News tidbits from alumni as well as observations on campus society and politics are included, and ads for local businesses show types of preoccupations outside students’ academic work.

Browse or search for topics and names from IWU’s history. This collection offers countless glimpses of life at IWU spanning 140 years!

Source for IWU Historical research

As part of a presentation titled “Gems from IWU History” given during the 2010 Homecoming Back to College program last Friday, a research guide devoted to sources people could consult on their own from off campus was created. Links for descriptions we’ve prepared on IWU’s physical collections are also provided. At the bottom right of the guide is a copy of the powerpoint and notes for the presentation; links into our digital collections are in both of these documents and were used to illustrate collection content as well as the many ways archives staff search for answers when working on research questions.

If you have a question about IWU history, explore the research guide but feel free to contact the University Archivist, too! (309-556-1538 and archives{@}iwu.edu)

Check out the Museum class exhibits!

Four groups of students prepared exhibits for ANTH 270 this semester. This project required them to become familiar with artifacts on a topic, research it using primary and secondary sources, and create a visually appealing and informative display.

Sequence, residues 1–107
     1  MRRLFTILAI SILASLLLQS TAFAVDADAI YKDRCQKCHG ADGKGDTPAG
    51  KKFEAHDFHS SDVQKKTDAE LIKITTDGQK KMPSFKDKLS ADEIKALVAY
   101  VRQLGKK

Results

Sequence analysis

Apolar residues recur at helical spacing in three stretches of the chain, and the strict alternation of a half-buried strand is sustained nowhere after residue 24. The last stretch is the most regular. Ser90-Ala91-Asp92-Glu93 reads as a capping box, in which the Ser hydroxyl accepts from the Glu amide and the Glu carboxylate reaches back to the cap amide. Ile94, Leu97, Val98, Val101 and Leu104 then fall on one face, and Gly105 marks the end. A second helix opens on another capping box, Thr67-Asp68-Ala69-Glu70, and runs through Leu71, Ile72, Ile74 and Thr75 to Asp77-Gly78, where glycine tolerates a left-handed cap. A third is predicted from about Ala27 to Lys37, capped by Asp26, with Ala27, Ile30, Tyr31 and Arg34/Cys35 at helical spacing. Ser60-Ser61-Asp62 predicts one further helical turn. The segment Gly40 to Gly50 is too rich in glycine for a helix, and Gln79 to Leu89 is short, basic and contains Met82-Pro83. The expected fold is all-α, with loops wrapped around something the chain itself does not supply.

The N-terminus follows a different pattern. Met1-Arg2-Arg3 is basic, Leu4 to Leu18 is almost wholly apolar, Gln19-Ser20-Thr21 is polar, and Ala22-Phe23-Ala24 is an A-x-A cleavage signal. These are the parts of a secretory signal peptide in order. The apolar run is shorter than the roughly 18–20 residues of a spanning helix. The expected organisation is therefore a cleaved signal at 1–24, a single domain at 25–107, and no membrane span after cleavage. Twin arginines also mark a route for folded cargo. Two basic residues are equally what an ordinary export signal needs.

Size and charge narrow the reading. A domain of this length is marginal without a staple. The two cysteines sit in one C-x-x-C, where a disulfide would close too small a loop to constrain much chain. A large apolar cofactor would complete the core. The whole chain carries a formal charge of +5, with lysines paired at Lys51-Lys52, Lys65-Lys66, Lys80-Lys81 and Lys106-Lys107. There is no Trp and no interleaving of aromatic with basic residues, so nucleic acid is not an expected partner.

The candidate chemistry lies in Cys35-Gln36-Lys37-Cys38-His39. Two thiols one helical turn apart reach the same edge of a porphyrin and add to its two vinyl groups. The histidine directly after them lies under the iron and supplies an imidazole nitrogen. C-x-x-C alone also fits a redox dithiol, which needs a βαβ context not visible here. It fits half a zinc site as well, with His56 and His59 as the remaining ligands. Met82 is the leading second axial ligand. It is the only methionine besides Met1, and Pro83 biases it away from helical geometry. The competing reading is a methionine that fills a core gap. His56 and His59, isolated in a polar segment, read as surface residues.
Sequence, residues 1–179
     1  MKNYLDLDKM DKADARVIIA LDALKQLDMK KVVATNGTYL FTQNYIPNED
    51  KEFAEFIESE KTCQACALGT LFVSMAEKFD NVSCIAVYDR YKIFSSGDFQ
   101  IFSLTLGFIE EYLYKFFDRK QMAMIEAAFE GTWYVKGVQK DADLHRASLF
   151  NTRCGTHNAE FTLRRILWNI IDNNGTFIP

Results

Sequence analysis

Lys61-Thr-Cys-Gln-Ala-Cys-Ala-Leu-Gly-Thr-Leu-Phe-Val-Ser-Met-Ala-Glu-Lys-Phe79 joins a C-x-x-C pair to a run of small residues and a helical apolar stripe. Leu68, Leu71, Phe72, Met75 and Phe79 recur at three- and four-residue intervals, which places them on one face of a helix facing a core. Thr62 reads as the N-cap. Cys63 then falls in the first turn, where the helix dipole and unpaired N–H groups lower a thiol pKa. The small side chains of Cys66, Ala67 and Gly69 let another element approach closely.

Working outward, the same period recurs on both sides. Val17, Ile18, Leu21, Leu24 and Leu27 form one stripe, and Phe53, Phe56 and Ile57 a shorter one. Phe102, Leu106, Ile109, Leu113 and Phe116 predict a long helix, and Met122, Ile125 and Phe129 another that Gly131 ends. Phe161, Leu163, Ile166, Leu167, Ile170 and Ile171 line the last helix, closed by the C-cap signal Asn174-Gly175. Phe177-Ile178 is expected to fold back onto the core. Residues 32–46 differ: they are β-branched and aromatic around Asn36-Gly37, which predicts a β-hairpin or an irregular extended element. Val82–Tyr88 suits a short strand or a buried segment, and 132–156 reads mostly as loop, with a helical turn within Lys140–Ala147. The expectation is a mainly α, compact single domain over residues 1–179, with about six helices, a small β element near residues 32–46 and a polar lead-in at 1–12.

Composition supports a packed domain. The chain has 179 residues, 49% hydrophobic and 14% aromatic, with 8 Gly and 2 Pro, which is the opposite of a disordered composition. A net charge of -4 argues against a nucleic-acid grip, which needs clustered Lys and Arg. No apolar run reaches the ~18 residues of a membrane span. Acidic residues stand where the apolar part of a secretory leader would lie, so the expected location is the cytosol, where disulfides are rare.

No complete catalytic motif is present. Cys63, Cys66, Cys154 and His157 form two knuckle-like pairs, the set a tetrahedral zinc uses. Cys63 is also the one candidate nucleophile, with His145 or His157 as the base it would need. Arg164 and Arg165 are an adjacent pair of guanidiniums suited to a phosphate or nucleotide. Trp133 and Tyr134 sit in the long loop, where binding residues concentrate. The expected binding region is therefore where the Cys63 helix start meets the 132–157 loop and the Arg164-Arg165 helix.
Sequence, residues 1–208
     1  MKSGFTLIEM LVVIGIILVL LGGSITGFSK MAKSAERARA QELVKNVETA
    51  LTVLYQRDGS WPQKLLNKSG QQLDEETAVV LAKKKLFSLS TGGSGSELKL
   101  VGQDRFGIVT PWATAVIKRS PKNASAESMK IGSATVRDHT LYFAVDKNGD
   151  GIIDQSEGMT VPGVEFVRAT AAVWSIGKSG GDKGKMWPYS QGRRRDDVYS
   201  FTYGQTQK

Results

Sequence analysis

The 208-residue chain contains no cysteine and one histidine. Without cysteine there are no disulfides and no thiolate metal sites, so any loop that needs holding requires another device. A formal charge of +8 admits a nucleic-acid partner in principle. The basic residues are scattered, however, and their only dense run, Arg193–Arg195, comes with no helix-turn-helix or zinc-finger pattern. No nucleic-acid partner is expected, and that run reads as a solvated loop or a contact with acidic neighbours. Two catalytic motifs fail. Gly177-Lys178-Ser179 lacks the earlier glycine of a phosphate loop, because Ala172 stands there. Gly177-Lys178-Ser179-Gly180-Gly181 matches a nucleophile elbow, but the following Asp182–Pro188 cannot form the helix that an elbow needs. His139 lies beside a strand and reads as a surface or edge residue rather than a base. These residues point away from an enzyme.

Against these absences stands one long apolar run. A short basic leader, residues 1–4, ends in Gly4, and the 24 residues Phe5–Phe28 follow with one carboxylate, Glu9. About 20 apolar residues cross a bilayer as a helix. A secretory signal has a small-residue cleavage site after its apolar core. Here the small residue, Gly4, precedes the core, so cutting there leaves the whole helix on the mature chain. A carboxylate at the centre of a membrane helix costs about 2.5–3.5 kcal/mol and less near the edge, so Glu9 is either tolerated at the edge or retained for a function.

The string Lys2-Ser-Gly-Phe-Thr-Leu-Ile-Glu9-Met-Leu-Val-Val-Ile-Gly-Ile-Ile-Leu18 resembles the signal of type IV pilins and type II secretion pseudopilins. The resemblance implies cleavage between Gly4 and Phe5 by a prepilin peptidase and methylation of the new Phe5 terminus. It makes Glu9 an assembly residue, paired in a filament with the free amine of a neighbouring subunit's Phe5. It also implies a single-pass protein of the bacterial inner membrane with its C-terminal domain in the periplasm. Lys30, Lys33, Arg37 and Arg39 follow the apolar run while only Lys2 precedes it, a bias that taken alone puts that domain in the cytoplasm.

One of the groups used ethnographic material collected by Dr. Rebecca Gearhart. Their exhibit, titled Rhythms of the East African Coast is located in a display case by the Anthropology department on the second floor of CLA.

The remaining three groups used materials from the University Archives. The exhibit titles and locations are as follows:

The Long Lost Fame of the IWU College of Law, 1st Floor, John Wesley Powell Rotunda

     –photographs and documents related to the Bloomington law School and IWU College of Law.

Turbulent Titans: Student Issues from 1970-1971, 1st Floor, across from Circulation

     –an analysis of issues tackled by the student publication “Rhetoric and Propaganda.”

The Center of the University: Its Rise and Its Demise, 3rd Floor, outside Thorpe Center

     –photographs, an architectural plan and documents surrounding the history of Old Main/Hedding Hall/Duration Hall.

Great job, ANTH 270!

Help wanted

Two archives interns created the framework for an oral history program last summer. We now have a series of sample questions geared towards alumni, staff and faculty that the students arrived at after reading some campus histories. Nell and Robert Eckley were kind enough to be our first interviewees and we’re experimenting with ways to make those interviews available on the web with corresponding photographs and transcripts.